Thoughts on the Shop Launch + The Natural Dye Knit Along

 Want to join the Natural Dye Knit Along? Come visit the thread in my Ravelry group  here  for more information.

Want to join the Natural Dye Knit Along? Come visit the thread in my Ravelry group here for more information.

I meant to cast on for the Natural Dye Knit Along the day it began (April 1st), but I was so absorbed in preparing for the shop launch that I decided I needed to wait. After all, this KAL is running for several months specifically so nobody feels rushed or pressured, so I suppose I should relax and give myself plenty of time too, right?

In any case, the shop went live on Monday at 12pm PDT and it completely exceeded my expectations. I thought I’d get a sale or two, but I had no idea most of my yarn inventory would sell out within 45 minutes. I’m still a bit stunned, to be honest, but in the best possible way. Not only do I get the pleasure of seeing the yarns I’ve dyed in the hands of other knitters, but this also means I get to dye way more yarn! Hurray!

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Side note: if you make something with my yarn and you’re on social media, please feel free to share it with the hashtag #awoodennestfiber! I’m so excited to see how it will be used.

Anyway, I’ll be using the earnings from this update to buy more yarn. I’m hoping to have another shop update early next month (date TBD), and I’ll be dyeing in much larger quantities this time around to bulk up my inventory. Also, many of you have made requests for specific bases (more fingering weight and tweedy sock yarn) and dye techniques (more variegated), so I’ll try to keep that in mind when I order as well.

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As for the #naturaldyekal, I’ve finally begun swatching for a cute little summer top for my daughter. This will be my first time working with a cotton + linen blend, so it’s a bit of an adjustment knowing that the stitches won’t bloom, but I’m enjoying working with it so far. I dyed this yarn with Sappanwood from Maiwa a month or two ago and used soda ash to adjust the pH. It turned the dye bath from an orange-red to a dark purple-pink. I think this may have affected the overall tone, but a great deal of the intensity and depth of the color from the bath washed out of the fiber. I’m left with something similar to a dusty, avocado pink, which I don’t mind in the least, though I wish I'd stuck a skein or two of wool in with the bath to see how the colors would compare.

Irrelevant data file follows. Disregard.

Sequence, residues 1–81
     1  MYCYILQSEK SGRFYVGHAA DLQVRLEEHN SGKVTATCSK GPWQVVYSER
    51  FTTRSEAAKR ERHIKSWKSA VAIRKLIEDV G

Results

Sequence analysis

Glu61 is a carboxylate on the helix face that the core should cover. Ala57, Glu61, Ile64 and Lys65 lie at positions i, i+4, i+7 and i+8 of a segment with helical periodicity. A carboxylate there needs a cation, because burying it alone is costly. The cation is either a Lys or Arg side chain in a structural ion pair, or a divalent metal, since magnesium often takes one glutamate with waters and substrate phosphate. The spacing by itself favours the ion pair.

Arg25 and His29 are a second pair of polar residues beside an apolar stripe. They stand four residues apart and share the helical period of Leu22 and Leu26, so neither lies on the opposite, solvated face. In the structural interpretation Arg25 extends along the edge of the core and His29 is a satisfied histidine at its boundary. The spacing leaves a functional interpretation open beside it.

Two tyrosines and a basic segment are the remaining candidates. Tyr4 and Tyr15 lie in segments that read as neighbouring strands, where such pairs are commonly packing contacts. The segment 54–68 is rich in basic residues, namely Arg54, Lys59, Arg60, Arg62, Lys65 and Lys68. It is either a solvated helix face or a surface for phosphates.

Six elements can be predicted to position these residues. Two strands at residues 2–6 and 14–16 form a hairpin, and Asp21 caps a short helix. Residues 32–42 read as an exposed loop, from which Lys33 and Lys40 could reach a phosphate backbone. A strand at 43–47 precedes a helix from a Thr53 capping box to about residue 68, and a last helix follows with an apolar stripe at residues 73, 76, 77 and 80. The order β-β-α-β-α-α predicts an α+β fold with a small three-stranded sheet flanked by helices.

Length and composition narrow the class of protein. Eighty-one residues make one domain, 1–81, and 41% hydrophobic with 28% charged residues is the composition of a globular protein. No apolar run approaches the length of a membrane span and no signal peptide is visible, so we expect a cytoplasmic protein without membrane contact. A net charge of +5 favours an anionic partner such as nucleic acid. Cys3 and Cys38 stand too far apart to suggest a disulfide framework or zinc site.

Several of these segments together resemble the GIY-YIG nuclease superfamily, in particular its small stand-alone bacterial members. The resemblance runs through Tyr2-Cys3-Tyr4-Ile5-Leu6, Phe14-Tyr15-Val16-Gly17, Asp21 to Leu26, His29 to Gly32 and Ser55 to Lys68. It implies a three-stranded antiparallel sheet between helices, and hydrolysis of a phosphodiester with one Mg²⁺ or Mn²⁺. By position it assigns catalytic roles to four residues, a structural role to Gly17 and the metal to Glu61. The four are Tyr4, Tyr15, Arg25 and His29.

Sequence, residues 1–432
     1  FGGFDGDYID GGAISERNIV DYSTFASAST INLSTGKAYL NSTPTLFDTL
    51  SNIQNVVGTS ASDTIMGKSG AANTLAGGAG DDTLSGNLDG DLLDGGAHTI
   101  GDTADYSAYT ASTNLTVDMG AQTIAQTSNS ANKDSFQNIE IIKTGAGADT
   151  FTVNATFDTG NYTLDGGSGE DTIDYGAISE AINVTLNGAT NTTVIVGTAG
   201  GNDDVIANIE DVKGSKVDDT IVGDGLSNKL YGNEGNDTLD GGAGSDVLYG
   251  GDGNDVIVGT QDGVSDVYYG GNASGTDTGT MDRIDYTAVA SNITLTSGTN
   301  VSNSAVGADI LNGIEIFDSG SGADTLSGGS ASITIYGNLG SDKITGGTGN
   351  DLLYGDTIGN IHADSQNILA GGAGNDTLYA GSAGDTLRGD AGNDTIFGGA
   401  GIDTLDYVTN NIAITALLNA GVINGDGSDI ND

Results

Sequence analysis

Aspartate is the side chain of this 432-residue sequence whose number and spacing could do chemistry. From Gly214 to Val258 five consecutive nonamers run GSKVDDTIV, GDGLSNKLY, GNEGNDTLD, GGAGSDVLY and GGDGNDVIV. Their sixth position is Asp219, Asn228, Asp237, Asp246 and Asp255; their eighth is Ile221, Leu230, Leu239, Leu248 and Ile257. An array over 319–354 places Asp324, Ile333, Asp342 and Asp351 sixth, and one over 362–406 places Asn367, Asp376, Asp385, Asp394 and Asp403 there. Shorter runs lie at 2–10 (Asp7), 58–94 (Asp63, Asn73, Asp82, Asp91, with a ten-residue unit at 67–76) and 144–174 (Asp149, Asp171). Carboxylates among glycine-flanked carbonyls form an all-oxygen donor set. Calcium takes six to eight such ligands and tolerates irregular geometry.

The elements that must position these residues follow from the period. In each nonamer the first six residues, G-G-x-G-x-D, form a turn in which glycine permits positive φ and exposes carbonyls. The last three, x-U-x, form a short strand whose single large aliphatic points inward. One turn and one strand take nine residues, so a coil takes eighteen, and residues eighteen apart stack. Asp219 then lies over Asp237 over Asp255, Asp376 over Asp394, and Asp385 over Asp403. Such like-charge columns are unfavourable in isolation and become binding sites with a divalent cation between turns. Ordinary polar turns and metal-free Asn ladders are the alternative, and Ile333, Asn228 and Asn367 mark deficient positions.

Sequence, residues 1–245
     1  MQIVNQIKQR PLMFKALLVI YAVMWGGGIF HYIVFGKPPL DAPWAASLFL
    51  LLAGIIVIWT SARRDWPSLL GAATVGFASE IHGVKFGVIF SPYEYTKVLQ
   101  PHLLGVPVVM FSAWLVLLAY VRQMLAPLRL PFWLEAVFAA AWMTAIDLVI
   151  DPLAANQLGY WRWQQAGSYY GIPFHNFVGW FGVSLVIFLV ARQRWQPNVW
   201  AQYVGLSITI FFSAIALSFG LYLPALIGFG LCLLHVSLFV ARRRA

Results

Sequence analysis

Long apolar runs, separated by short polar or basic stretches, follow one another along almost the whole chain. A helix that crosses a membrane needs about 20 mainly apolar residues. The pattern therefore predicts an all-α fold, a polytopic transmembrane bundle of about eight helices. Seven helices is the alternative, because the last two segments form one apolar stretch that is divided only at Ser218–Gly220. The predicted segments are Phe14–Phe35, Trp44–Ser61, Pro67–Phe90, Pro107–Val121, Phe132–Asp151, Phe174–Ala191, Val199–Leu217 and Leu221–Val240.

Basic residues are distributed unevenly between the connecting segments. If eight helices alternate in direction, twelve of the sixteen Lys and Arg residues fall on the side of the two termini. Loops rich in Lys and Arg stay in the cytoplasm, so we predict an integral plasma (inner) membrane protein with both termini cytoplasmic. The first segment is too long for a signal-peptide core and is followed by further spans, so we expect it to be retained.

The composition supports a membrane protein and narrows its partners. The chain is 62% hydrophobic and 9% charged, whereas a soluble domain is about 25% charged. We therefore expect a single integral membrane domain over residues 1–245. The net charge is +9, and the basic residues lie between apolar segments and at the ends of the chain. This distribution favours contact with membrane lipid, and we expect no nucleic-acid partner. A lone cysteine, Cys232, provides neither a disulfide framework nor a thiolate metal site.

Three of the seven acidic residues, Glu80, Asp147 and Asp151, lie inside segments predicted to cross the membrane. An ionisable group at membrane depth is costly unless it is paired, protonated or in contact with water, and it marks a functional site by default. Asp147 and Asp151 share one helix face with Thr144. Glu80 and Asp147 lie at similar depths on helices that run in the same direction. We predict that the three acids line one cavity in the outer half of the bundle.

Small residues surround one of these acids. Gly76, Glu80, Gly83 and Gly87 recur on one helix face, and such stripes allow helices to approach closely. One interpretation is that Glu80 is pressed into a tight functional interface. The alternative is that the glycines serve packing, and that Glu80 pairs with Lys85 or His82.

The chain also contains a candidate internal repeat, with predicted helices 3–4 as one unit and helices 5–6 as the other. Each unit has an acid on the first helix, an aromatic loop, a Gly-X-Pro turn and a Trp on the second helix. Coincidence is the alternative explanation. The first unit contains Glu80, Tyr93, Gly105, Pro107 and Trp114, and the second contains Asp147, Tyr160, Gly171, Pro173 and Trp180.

Cellulose fibers are still a bit of a mystery to me. Not just cellulose yarns, but fabrics as well. I’ve heard a rumor that soy milk actually works better as a mordant for cellulose than alum, but I haven’t done any comparisons. I’ve read Botanical Colour at your Fingertips by Rebecca Desnos, though, and she uses soy milk with great success.

I’m thinking of including a short clip in my next podcast episode about mordants for those of you who are feeling a bit gun-shy with regards to joining the Natural Dye KAL. Of course, you don’t have to dye your own yarn. You’re plenty welcome to use yarn from another natural dyer, but several of you have mentioned that you’d like to try dyeing yourself but are feeling overwhelmed. Perhaps I can help with that.

Early Spring Cleaning (A Quick Update)

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sixpence socks
happy mountain sweater

Hello friends. It has been quiet here in this space for a long time, but it’s time to dust off the cobwebs and settle myself in with a cup of tea and a cozy blanket. It’s still winter here, but you wouldn’t know it with all the beautiful, almost-warm sunshine and spring blooms outside. Seasons arrive when they want to, regardless of the date on the calendar.

In the past several months, natural dyeing has taken over my life in the best possible way. Actually, I shouldn’t say it has taken over. Rather, it has nestled its way in like a long lost friend or a missing puzzle piece, and has brought color into my neutral-loving life in a way I could never have imagined. Suddenly something I initially thought of as supplementary to my other seasonal occupations - my gardening, knitting and kitchen experiments - has become an obsession in its own right. It’s part of our lives now, and it fits right in.

Last year in October, I made a giant, break-out-of-my-introverted-shell decision and started a video podcast on YouTube to share about my growing interest in fiber-related work. It’s something I had been mulling over for a long time, and it required a lot of emotional preparation before, during and after my first couple episodes (I had to occasionally hide from my phone and computer), but I finally feel comfortable and confident in my decision to put myself out there through the podcast, and I’ve never felt more connected to the fiber community than I do now.